GENEVA — Renewed efforts to broker a breakthrough deal in the troubled Doha global trade talks by yearend and lower barriers to trade in agriculture and industrial goods were derailed Friday.
Bitter differences among the U.S., Brazil, China and India over slashing duties more aggressively in select industrial sectors, and largely between the U.S. and India over terms for a special safeguard to shield poor farmers from surges in imports, torpedoed hopes of calling ministers to Geneva to close a deal before the Christmas break.
Round-the-clock diplomacy by World Trade Organization director-general Pascal Lamy, which included video conferences with U.S. Trade Representative Susan Schwab and her counterparts from India and China, and direct interventions of national leaders such as British Prime Minister Gordon Brown, couldn’t bridge the political divide.
As a result, Lamy decided not to call ministers to Geneva because, as he told delegates from 153 WTO countries, such a decision “would be running an unacceptably high risk of failure.”
He continued, “My sense is that we should now focus on seeing how we gather the necessary political energy into the new year.”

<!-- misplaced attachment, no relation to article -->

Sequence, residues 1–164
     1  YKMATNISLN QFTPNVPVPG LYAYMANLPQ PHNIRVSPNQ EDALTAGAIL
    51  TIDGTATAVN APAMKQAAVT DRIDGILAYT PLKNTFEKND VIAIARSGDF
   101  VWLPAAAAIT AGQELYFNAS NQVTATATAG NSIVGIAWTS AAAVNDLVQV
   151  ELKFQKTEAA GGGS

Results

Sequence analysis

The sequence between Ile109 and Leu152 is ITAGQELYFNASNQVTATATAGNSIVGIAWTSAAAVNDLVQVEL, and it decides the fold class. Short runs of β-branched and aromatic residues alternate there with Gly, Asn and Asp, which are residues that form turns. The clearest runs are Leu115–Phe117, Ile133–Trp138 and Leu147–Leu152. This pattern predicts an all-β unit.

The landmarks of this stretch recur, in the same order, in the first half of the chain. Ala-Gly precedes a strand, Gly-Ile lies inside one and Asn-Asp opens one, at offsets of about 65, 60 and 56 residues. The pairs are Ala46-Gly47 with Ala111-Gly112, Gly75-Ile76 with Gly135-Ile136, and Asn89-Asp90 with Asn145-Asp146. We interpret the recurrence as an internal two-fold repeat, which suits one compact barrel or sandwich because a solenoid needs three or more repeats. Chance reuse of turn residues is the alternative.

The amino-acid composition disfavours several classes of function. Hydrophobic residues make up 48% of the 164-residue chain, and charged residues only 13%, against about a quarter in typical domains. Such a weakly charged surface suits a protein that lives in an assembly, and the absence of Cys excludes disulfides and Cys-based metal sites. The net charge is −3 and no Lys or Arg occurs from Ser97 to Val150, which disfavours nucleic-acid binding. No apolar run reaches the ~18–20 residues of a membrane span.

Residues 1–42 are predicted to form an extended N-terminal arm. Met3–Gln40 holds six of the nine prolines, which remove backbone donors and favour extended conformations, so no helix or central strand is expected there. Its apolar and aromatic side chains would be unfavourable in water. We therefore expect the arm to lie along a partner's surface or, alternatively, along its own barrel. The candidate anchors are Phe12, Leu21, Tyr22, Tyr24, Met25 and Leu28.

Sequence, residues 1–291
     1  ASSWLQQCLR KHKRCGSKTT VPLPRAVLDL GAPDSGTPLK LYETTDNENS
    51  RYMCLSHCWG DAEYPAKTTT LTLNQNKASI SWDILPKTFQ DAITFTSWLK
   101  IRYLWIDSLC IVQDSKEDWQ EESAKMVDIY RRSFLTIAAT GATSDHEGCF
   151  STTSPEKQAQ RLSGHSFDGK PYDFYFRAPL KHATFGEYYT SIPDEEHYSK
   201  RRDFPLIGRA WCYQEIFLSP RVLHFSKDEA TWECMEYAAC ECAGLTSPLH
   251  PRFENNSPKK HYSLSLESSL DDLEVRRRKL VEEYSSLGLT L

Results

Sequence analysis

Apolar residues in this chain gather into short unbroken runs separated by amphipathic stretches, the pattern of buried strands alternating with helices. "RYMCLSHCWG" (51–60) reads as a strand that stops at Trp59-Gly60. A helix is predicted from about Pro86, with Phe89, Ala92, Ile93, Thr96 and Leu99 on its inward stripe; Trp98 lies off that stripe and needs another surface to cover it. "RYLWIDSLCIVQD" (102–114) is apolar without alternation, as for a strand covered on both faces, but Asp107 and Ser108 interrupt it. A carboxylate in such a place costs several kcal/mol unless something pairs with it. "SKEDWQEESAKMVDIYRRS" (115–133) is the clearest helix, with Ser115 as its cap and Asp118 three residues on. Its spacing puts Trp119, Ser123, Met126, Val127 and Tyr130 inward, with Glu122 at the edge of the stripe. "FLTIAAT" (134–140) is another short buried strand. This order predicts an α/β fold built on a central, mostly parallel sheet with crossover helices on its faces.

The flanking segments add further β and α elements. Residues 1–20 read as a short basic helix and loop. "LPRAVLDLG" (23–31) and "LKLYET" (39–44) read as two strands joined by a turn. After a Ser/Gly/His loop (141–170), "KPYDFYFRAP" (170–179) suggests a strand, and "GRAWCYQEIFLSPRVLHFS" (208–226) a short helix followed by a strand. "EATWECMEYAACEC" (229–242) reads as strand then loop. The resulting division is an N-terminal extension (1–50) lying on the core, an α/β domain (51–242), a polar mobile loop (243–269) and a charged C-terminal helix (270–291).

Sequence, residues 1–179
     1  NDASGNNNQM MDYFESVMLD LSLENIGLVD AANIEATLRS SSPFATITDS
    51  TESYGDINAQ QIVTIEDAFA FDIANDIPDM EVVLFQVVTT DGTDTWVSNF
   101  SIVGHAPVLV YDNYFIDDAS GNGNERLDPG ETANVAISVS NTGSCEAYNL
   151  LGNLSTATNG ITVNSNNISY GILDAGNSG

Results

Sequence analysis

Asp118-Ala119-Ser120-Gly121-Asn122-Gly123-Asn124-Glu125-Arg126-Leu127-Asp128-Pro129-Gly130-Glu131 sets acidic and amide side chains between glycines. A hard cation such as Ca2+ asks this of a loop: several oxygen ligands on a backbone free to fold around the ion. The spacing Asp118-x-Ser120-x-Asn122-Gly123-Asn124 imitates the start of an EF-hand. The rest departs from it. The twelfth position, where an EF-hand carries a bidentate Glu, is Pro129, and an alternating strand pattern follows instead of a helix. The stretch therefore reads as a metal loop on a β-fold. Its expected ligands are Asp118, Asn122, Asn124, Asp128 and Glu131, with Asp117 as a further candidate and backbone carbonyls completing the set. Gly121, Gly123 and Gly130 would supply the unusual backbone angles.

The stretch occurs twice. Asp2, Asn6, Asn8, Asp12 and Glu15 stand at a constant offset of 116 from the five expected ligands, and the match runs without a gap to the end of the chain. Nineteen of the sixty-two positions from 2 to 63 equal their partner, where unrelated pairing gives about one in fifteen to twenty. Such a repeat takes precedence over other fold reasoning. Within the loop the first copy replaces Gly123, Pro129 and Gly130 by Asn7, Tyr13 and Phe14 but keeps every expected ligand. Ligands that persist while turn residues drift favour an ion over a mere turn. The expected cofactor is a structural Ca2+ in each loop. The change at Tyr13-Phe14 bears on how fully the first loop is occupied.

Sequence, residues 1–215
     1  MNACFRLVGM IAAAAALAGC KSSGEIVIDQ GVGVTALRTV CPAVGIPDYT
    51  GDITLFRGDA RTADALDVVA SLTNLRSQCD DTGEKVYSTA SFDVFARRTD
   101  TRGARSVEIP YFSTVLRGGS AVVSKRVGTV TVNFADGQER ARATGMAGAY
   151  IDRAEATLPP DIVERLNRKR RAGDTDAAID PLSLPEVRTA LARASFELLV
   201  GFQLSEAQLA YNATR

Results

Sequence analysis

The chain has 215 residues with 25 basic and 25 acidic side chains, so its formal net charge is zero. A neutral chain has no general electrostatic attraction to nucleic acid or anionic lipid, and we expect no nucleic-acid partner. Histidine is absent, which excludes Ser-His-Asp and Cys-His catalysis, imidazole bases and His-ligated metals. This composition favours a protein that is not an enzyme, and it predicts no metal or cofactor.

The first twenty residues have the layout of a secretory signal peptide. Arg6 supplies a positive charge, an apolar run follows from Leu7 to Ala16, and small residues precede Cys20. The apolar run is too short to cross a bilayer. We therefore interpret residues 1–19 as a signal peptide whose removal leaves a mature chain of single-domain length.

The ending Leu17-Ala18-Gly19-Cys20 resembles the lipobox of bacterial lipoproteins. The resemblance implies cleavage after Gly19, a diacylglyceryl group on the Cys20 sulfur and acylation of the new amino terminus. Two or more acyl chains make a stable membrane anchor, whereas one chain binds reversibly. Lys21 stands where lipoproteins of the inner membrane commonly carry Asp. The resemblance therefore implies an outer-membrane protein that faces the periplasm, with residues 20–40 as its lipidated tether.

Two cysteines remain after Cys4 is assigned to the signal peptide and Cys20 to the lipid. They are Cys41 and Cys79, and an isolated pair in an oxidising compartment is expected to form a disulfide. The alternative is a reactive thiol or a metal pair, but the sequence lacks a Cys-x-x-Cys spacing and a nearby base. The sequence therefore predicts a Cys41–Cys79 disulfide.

The latest setback comes less than a month after world leaders from 20 major rich and emerging powers, meeting in Washington over the global financial crisis, instructed trade ministers to strive for a deal by yearend. Trade ministers from more than 30 key nations failed in July to secure a breakthrough agreement. Similar efforts failed in the summers of 2006 and 2007.
“We are disappointed the director-general was not able to establish a basis for a productive ministerial that would lead to an ambitious and balanced Doha outcome,” said a spokeswoman for Schwab.
Brazil’s foreign minister, Celso Amorim, echoing concerns shared by China and India, blamed the latest setback on “excessive demands” by the U.S. in select industrial sectors.
Deputy USTR Peter Allgeier dismissed the claims as “inaccurate” and, alluding to the big three emerging nations, noted they have not taken seriously efforts to slash duties deeper in some industrial sectors. Allgeier said, “They’re unwilling to identify even a single sectorial that they’re willing to negotiate on, putting aside whether they will join them.”
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